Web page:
AUGUSTINE. (Tract. cxxiv) Our Lord having foretold to Peter by what death he should glorify God, bids him follow Him. And when He had spoken this, He saith unto him, Follow Me. Why does He say, Follow Me, to Peter, and not to the others who were present, who as disciples were following their Master? Or if we understand it of his martyrdom, was Peter the only one who died for the Christian truth? Was not James put to death by Herod? Some one will say that James was not crucified, and that this was fitly addressed to Peter, because he not only died, but suffered the death of the cross, as Christ did.

THEOPHYLACT. Peter hearing that he was to suffer death for Christ, asks whether John was to die: Then Peter, turning about, seeth the disciple whom Jesus loved following; which also leaned on His breast at supper, and said, Lord, which is he that betrayeth Thee? Peter seeing him saith to Jesus, Lord, and what shall this man do?

AUGUSTINE. (Tract. cxxiv) He calls himself the disciple whom Jesus loved, because Jesus had a greater and more familiar love for him, than for the rest; so that He made him lie on His breast at supper. In this way John the more commends the divine excellency of that Gospel which he preached. Some think, and they no contemptible commentators upon Scripture, that the reason why John was loved more than the rest, was, because he had lived in perfect chastity from his youth up. Then went this saying abroad among the brethren, that that disciple should not die: yet Jesus said not unto him, He shall not die; but, If I will that he tarry till I come, what is that to thee?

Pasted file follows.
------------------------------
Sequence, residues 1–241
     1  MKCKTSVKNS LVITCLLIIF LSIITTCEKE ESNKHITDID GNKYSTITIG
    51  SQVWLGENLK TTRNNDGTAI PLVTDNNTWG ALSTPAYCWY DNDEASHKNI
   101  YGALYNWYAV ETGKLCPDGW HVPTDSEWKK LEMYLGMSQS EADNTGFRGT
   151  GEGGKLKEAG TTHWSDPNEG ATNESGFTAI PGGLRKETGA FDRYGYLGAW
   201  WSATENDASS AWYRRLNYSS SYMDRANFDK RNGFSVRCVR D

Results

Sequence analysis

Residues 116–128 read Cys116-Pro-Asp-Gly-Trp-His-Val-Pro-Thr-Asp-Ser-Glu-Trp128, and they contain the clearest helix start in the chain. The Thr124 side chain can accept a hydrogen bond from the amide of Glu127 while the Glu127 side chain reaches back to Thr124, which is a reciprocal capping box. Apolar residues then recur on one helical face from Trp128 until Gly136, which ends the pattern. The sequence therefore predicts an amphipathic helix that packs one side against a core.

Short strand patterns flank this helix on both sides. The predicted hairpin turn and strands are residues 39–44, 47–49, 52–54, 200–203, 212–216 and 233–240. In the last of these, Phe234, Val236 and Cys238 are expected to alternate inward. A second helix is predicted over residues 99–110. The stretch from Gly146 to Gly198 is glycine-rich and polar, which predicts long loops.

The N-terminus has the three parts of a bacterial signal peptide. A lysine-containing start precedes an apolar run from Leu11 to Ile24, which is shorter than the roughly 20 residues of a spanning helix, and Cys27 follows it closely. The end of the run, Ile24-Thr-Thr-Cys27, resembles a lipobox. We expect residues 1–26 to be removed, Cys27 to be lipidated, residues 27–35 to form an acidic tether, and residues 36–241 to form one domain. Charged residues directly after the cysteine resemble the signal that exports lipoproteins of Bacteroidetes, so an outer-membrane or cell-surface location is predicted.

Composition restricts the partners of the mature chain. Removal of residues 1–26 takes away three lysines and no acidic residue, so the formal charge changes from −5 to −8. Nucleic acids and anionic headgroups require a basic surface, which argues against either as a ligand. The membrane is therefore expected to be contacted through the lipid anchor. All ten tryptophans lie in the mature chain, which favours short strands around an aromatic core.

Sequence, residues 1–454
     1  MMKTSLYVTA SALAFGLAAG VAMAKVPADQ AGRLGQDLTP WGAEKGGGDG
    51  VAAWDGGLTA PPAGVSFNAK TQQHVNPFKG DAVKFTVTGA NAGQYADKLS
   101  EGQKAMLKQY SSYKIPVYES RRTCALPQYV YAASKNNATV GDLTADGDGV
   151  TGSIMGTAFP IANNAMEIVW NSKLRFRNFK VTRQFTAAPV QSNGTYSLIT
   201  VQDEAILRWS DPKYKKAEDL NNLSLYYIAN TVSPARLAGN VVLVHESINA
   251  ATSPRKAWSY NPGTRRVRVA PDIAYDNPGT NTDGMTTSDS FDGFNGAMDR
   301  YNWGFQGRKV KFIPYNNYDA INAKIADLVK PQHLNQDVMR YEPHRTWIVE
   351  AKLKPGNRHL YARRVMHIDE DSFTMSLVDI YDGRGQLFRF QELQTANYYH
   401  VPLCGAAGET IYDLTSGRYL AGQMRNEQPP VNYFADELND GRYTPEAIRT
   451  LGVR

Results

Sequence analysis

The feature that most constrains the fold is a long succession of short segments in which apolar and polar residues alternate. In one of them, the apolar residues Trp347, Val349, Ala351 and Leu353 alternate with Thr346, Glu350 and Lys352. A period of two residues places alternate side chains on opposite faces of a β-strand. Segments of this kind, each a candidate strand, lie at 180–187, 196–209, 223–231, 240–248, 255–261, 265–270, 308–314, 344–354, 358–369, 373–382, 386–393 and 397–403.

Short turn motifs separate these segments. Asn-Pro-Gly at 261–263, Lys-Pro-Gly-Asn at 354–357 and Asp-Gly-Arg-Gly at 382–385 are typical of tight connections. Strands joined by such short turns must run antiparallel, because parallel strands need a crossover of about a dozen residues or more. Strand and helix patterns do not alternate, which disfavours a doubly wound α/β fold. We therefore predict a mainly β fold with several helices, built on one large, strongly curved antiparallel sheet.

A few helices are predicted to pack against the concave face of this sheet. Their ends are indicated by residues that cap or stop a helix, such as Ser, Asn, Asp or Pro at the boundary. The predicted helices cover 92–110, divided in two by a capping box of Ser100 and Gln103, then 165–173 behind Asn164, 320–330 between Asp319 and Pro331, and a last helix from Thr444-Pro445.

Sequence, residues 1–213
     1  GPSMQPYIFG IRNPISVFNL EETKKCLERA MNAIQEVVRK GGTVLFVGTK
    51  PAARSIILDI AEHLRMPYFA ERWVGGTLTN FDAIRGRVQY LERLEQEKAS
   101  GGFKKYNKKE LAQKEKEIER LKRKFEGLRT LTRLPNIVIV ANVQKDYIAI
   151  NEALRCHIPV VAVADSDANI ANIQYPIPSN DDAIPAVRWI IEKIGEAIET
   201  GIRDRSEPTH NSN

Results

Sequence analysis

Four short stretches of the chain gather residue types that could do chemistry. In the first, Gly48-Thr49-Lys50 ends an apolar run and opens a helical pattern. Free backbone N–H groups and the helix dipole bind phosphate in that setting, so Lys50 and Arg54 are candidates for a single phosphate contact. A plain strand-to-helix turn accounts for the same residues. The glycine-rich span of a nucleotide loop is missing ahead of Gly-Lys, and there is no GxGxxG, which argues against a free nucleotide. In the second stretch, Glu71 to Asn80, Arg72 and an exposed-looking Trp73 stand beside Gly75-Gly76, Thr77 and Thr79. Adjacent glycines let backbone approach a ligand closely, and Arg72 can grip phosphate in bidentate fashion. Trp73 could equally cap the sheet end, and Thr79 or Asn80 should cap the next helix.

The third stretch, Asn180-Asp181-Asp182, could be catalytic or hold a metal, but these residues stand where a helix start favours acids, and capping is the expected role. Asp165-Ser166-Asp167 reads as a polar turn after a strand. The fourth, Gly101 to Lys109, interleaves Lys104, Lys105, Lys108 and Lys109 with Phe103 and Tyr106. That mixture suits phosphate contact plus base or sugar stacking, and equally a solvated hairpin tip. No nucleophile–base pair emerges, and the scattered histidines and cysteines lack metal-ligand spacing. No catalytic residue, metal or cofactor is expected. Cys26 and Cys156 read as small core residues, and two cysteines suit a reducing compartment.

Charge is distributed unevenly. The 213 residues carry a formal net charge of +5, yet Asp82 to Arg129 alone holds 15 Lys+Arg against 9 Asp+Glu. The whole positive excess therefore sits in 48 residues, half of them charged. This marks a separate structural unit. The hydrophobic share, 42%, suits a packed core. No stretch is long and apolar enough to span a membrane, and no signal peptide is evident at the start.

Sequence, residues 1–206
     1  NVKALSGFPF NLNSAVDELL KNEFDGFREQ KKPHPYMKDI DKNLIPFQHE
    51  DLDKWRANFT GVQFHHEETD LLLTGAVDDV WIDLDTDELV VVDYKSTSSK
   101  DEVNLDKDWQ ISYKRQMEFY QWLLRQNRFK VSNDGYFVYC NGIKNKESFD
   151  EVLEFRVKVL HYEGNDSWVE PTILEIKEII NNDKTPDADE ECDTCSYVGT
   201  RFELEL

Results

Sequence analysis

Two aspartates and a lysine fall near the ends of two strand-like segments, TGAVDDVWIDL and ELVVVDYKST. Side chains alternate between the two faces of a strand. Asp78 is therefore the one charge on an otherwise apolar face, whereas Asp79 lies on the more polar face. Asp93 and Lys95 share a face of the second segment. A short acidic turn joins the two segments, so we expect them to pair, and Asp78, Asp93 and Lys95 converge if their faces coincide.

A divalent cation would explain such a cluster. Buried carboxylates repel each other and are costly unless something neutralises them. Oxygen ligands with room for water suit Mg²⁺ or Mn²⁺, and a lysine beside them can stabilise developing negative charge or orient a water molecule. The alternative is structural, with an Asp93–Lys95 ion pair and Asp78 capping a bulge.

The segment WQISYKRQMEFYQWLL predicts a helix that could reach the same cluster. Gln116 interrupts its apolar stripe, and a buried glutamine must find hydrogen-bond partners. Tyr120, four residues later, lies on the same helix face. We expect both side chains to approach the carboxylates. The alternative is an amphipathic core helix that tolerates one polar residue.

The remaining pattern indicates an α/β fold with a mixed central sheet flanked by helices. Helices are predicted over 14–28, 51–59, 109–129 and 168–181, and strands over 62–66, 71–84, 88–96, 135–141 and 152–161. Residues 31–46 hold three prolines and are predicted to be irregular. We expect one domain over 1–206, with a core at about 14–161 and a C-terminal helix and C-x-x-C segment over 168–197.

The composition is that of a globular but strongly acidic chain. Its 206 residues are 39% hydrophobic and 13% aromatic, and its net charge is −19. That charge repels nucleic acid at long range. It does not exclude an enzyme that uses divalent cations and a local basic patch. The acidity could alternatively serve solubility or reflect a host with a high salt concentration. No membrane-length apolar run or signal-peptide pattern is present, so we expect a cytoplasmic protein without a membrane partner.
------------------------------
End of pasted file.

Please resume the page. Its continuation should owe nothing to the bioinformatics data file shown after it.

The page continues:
THEOPHYLACT. i. e. Shall he not die?

AUGUSTINE. (Tract. cxxiv) Jesus saith unto him, What is that to thee? and He then repeats, Follow thou Me, as if John would not follow Him, because he wished to remain till He came; Then went this saying abroad among the disciples, that that disciple should not die. Was it not a natural inference of the disciple’s? But John himself does away with such a notion: Yet Jesus said not unto him, He shall not die; but, If I will that he tarry till I come, what is that to thee? But if any so will, let him contradict, and say that what John says is true, viz. that our Lord did not say that that disciple should not die, but that nevertheless this was signified by using such words as John records.

THEOPHYLACT. Or let him say, Christ did not deny that John was to die, for whatever is born dies; but said, I will that he tarry till I come, i. e. to live to the end of the world, and then he shall suffer martyrdom for Me. And therefore they confess that he still lives, but will be killed by Antichrist, and will preach Christ’s name with Elias. But if his sepulchre be objected, then they say that he entered in alive, and went out of it afterwards.